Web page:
Many years ago I took my readers along on my personal journey through Minimalism. I was overwhelmed at the time so once I discovered that owning less not only helped my finances but made my practical day-to-day life easier I jumped in with both feet.
I followed the advice of the experts of the day, eliminating not only the things I knew I would never use, but all of the excess I possessed of items that I knew I would eventually use as well.
That was a mistake. While it helped free up space and mental clutter initially, that move ended up costing me a small fortune and more than a bit of discomfort as I found myself running out of essentials like clothing during a time period where it was rather difficult to replace the items as they wore out.
I do not regret that mistake. I learned a valuable lesson from it; the educational value alone is worth many times what I lost by that misstep. It taught me that the theory of eliminating all of one’s excess is flawed.
Eliminating excess is a good thing. How you choose to eliminate it can cost you a small fortune and defeat the purpose of saving money.
Let’s face it: in this modern age, it is as easy to overspend on items that we use on a regular basis as it is to overspend on impulse items that we really don’t need.
If we are surrounded by spendthrift friends, it is easy to over-acquire even if we don’t spend a single dollar.
I’ve given this a lot of thought over the past few years. Not only have I accumulated a large amount of paper, pencils, pens, office supplies, books, and food, family and friends have gifted me with a significant amount of clothes, shoes, and other items.
These are items that I know I will use in time. I’m not too picky about the clothes I wear, the shoes I don, or the office supplies I’ve collected. That said, I live in a very small home. If I do not step carefully I will become overwhelmed with stuff.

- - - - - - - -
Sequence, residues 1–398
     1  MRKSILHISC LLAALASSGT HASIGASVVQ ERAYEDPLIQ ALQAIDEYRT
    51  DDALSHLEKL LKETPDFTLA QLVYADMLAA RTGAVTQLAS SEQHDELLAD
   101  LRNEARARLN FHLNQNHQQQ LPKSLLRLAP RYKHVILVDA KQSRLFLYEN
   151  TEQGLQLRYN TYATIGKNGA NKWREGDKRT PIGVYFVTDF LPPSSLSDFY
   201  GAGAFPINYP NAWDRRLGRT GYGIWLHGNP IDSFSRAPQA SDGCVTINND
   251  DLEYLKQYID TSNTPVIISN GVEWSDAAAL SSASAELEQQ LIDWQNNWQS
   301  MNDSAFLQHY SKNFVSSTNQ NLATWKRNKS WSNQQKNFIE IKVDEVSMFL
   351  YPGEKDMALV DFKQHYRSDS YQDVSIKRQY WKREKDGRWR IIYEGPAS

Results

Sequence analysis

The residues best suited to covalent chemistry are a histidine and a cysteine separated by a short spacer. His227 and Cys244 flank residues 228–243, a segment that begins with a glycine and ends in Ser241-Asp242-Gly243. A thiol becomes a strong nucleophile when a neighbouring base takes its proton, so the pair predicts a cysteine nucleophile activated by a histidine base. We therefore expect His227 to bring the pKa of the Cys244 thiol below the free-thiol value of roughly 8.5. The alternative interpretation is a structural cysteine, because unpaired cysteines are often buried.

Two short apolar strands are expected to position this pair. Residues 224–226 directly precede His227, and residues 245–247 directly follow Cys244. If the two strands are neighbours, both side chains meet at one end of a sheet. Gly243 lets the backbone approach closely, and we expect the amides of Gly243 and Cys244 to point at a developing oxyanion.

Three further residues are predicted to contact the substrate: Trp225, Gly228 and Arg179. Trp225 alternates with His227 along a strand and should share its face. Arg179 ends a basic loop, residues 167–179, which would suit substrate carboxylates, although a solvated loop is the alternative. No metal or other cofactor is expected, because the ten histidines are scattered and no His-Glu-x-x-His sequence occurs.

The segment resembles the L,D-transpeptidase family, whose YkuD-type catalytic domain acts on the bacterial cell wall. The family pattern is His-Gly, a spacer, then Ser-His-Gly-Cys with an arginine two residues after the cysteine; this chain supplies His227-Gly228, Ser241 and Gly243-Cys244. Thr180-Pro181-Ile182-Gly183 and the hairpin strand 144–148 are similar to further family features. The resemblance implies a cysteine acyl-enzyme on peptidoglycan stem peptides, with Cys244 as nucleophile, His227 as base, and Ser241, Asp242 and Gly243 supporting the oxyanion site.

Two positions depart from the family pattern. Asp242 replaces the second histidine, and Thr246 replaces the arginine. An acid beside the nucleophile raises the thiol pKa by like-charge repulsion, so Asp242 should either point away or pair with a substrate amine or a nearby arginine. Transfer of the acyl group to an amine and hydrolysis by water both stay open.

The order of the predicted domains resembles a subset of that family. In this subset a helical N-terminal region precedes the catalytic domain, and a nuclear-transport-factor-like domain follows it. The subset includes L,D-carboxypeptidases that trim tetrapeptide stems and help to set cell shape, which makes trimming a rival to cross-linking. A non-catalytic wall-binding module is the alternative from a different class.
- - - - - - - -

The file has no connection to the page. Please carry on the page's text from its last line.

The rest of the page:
I have no desire to become a hoarder yet I’ve no desire to cut back to minimalist extremes any longer. I want to maintain
It is wasteful in the extreme to discard items that you will use simply because you have a large supply. Throwing those items in the trash or donating them to an already overwhelmed secondhand store is not the solution. Many donated items still end up in the trash and it costs money to replace those items when you use up what little you keep.
It’s not what you spend or earn; it’s what you keep and use that matters.Annienygma
Wealthy people do not buy unless they use up or wear out what they already own. Wealthy people don’t discard things if they know they will use them.
I learned that lesson during the days when I repaired the computers that were owned by my wealthy clients. Their possessions were old but kept organized and in good repair. Some of them shared stories with me of how they’d salvaged items from the trash that had been discarded by others, delighted to share their secret with a fellow cheapskate. They could not understand why people would discard perfectly functional items, only to replace them a few days or weeks later.
My goal is to become wealthy.
Instead of simply discarding my excess I am going to get creative. As I sort through my possessions this round I will eliminate anything that I know I won’t use. The rest will be stored away and used up as needed.
I’m not sure how successful I will be. Can I resist the urge to acquire more books until I read what I already have? Can I bring myself to pass on the books that I’ve read but don’t expect to read again? Can I resist the urge to collect more office supplies, clothing, or even food?
I don’t know. All I do know is that every penny I can avoid spending at this point can be invested towards regaining my freedom. I want my freedom back, so I am going to try.
I will keep you updated on my progress on this experiment.